Open Airways for Schools (OAS)

A program of the American Lung Association, implemented in Office of School Health, Department of Health Anne Arundel County, Maryland.

Lessons Learned

Staff involved with OAS in Anne Arundel County identified several key lessons they have learned from their involvement in the program:

Pre-Packaged program materials are invaluable.

Because developing and evaluating a program is resource intensive, using an already developed and pre-packaged validated program is easier and more cost effective. OAS staff indicate that the program has been successful in Anne Arundel County in large part because it is an already developed and validated program and thus easily replicable.

Nurses are key to success.

It is important to have a school nursing program which enables nurses to be in schools daily to operate the program and monitor students. School nurses are the backbone of OAS in Anne Arundel County; they are the educators, champions, marketers, and facilitators. They operate the program day-to-day and provide the most informed feedback on its implementation. It is also important to have health assistants to relieve nurses when they teach the OAS classes. Not all schools have school nurses, however, and trained community volunteers can serve well as instructors. Although school nurses play a pivotal role in the Open Airways for Schools program in Anne Arundel County, the program is designed to be delivered by a variety of instructors including health educators and teachers.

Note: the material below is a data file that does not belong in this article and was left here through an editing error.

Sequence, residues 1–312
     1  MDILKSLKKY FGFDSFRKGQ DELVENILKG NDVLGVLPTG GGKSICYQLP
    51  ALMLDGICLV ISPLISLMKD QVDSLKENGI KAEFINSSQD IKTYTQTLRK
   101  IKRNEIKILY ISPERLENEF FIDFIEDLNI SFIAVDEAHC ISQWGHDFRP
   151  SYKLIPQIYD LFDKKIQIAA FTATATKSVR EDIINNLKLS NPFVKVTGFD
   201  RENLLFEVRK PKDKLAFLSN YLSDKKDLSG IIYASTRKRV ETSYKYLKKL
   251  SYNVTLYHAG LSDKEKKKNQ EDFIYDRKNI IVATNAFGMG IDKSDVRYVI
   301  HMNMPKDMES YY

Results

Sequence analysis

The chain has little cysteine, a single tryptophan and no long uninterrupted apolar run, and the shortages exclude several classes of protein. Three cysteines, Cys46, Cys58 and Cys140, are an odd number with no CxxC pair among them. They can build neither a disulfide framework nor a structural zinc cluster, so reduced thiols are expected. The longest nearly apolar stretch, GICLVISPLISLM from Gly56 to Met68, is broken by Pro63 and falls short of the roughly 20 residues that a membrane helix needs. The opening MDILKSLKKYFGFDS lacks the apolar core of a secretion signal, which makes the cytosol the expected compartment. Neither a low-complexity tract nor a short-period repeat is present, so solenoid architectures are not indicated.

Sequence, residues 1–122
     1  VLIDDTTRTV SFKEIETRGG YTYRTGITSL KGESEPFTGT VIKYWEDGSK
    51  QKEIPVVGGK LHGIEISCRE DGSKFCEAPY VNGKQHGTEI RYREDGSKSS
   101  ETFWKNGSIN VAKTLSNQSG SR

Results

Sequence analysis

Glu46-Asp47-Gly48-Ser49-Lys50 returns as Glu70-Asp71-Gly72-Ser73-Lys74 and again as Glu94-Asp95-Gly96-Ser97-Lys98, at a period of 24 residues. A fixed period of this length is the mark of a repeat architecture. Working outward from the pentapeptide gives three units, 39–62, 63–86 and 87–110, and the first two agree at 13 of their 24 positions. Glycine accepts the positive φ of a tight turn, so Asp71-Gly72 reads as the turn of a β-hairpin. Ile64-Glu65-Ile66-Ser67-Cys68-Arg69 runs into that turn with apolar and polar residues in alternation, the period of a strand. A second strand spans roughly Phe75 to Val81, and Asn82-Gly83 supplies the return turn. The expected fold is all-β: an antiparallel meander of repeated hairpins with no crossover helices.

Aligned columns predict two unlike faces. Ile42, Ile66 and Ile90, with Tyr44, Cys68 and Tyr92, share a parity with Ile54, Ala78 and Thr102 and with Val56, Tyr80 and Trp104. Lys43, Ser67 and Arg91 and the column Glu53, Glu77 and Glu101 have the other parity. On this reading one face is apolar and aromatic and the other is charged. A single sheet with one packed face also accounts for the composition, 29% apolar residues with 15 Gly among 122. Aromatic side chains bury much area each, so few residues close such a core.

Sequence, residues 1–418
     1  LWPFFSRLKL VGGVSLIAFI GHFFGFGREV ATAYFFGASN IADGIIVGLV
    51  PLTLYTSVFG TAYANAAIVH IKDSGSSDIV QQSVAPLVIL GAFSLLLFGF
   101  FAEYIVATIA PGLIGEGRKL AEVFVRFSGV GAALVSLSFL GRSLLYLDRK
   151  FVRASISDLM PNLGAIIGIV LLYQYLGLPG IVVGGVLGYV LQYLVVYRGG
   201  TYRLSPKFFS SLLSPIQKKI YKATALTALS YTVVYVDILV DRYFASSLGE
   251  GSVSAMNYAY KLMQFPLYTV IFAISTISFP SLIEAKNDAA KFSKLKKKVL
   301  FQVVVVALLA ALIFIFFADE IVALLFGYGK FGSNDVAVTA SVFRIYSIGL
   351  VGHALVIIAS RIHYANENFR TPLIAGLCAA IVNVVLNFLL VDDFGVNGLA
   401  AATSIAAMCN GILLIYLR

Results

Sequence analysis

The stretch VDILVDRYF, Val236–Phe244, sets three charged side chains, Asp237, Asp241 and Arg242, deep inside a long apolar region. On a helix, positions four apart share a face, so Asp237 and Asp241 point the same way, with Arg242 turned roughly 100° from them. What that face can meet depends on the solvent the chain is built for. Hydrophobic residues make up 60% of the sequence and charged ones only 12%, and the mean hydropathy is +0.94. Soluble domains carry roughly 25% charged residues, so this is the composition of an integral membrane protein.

Classes should be kept small whenever possible.

OAS nurses stress the importance of small classes with no more than five to eight students. One nurse stated that she once had 22 children in a class, which made it difficult to give children individualized attention and ensure that each student was comprehending the information on asthma management.

Build positive relationships.

Prior to program implementation, the preliminary work of developing relationships with principals, parents, and the community is critical. Principal support is key to making school-based programs work. The nurses who have principal support generally receive faculty support; such support makes it easier to remove students from their regularly scheduled classes. Working closely with faculty is also important. To involve school faculty and staff, school nurses in Anne Arundel County have conducted OAS awareness sessions with them. This strategy has proven particularly effective with physical education teachers.

Page last reviewed: April 24, 2009